Personally, I am glad that the shadow canon exists. First, it’s just nice that there’s something in our culture that’s not completely under the thumb of mysterious authority figures (although Hollywood does do its best to influence even the shadow canon). Second, I think that the purpose of books is to entertain people, and the books in the shadow canon are often quite entertaining. Third, the shadow canon is democratic in a way that the literary canon is not.

It’s not that the literary canon can’t be influenced by the average reader…but…there mostly the reader’s role in the literary canon is to either accept or reject the judgment of authority. There’s no room for the reader to form and disseminate opinions about the literary canon. All the air in the room is taken up by the tenured professors whose job it is to form those opinions (and who are really, really good at it).

But the shadow canon is almost entirely the creation of readers. Although the recommendations of authors and newspaper critics (and the creation of blockbuster Hollywood movies) do play a role in forming the shadow canon, even these authority figures have far more interplay with the reading public than a university professor does. An author’s recommendation is only respected because people like his or her work. A Hollywood movie is usually greenlit for a property because that property already has fans. The LotR films made the books more popular, but the movies were only successful because the books were already fairly popular.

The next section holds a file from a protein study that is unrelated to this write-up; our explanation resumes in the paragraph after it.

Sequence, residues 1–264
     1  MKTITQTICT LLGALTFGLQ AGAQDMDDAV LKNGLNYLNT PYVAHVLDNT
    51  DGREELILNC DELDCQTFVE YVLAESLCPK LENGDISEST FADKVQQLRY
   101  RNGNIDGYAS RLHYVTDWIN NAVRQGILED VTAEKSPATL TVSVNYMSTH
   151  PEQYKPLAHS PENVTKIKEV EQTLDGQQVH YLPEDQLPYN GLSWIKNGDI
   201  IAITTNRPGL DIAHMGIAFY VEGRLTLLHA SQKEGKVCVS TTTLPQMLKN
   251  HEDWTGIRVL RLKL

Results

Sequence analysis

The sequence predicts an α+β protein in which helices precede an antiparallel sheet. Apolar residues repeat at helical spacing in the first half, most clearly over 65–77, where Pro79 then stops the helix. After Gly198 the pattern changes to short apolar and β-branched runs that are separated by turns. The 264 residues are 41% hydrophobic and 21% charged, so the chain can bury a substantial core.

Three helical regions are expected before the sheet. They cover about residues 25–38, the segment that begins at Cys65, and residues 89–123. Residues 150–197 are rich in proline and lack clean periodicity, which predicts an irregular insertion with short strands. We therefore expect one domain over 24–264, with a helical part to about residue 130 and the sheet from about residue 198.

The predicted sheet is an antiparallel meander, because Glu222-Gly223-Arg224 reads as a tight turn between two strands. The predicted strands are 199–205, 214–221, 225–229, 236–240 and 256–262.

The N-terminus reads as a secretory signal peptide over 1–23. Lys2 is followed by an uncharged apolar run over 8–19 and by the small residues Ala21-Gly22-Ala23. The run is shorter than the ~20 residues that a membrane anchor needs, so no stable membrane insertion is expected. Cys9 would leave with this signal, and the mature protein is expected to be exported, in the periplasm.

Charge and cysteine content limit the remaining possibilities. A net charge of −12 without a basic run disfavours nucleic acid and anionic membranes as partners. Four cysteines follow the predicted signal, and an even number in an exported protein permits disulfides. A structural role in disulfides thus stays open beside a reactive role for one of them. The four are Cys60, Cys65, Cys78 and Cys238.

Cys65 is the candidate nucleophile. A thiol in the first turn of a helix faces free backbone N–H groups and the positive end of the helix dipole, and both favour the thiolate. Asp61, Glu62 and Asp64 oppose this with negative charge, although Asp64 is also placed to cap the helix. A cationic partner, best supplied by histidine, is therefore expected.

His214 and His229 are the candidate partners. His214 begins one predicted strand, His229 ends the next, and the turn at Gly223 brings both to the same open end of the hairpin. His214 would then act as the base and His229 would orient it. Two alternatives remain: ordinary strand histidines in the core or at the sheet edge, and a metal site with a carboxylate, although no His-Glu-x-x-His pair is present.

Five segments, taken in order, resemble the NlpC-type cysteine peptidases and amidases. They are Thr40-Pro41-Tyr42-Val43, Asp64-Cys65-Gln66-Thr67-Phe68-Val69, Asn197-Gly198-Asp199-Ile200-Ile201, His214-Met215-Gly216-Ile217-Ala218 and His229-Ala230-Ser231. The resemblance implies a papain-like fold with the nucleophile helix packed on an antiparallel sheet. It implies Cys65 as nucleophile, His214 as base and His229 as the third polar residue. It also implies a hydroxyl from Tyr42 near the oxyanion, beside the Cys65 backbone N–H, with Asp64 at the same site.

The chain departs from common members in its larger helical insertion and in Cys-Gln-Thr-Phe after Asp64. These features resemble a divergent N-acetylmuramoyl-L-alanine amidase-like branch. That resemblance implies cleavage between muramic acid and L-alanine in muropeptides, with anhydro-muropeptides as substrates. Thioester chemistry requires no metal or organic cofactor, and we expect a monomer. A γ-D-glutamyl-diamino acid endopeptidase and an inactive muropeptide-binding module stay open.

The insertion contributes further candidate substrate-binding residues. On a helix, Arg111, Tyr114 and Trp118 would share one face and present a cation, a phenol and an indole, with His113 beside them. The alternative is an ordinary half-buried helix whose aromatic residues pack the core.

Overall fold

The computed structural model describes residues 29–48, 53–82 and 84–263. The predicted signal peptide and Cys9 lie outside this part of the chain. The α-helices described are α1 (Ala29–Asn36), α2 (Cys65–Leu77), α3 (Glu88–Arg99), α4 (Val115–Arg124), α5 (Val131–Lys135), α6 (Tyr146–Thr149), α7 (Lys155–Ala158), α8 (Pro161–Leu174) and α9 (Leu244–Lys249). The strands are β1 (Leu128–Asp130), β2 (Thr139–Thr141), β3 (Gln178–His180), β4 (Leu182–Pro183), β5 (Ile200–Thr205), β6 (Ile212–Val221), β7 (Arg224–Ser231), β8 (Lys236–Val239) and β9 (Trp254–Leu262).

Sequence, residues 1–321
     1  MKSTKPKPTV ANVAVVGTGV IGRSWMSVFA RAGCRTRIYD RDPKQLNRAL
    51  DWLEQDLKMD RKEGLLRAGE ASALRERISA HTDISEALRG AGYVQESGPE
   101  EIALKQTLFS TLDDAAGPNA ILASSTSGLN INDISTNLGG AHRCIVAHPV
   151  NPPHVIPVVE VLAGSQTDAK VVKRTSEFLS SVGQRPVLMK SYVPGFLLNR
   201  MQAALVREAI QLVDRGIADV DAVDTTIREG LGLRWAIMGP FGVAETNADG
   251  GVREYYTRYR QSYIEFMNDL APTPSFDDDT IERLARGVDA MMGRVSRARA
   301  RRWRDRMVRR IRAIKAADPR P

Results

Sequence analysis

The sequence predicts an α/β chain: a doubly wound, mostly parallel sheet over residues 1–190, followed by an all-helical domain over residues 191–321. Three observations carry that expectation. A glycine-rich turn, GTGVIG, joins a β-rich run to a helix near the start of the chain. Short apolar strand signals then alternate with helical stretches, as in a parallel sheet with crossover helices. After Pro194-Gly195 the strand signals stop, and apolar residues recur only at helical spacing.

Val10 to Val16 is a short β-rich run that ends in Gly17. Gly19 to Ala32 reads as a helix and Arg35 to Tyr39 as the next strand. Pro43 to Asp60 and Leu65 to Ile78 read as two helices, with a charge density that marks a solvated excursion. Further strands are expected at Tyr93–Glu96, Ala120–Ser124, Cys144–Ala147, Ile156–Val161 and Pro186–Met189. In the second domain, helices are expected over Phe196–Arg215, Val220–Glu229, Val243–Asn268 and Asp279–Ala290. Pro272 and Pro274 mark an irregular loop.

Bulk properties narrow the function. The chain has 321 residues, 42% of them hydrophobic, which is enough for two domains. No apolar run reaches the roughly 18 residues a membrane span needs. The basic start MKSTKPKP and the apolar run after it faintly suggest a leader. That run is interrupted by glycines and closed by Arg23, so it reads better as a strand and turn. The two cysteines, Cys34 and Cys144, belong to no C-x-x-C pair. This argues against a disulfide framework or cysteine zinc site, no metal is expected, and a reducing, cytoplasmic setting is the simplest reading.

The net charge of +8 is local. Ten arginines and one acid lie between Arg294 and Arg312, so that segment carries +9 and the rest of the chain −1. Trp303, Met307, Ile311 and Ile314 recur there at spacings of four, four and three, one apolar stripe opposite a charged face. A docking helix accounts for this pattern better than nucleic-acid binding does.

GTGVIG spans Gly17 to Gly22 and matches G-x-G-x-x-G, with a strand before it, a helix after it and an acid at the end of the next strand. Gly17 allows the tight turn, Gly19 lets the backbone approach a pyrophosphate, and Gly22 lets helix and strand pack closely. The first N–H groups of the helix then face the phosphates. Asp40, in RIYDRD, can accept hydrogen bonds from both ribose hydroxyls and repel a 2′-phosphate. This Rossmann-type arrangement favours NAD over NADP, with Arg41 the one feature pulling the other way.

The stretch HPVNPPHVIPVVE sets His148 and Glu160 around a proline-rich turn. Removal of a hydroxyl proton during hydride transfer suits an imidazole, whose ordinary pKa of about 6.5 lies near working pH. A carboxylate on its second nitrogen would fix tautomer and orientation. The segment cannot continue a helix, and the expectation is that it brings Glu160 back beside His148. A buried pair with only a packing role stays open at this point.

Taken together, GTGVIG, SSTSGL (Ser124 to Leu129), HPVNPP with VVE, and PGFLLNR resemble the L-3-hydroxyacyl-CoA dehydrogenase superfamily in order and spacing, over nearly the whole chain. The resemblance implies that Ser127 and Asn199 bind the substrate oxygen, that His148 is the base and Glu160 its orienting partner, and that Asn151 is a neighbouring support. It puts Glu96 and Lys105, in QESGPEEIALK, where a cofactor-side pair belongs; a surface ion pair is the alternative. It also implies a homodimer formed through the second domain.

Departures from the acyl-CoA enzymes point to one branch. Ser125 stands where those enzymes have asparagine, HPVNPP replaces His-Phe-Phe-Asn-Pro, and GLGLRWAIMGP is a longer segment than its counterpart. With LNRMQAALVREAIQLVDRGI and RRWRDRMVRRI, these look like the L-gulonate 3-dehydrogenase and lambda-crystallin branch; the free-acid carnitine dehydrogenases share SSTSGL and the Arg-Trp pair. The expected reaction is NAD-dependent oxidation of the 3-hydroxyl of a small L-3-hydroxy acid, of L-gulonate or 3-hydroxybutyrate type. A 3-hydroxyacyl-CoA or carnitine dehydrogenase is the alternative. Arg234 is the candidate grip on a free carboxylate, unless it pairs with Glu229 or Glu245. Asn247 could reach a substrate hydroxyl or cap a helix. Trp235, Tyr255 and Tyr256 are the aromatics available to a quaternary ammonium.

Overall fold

And, furthermore, there’s a huge part of the creation of the shadow canon that takes place entirely outside of formal authority structures. Is there anyone in authority who’s pushing Lovecraft or Ender’s Game?

Whereas the essential relationship with regards to disseminating the shadow-canon is the teacher/student relationship, the shadow cannon is usually disseminated either friend to friend or (at advanced stages) from parent to child. To a large extent, the shadow canon is still a word of mouth phenomena.

And I think that there’s something valuable in that. It is a way of keeping our literary culture grounded in the most essential function of the book: providing pleasure. At some level, books have to answer to the people. The existence of the shadow canon means that the literary canon can’t completely take flight into rarefied heights. If the literary canon does not give people what us what we want, then at least there is another place where they can find.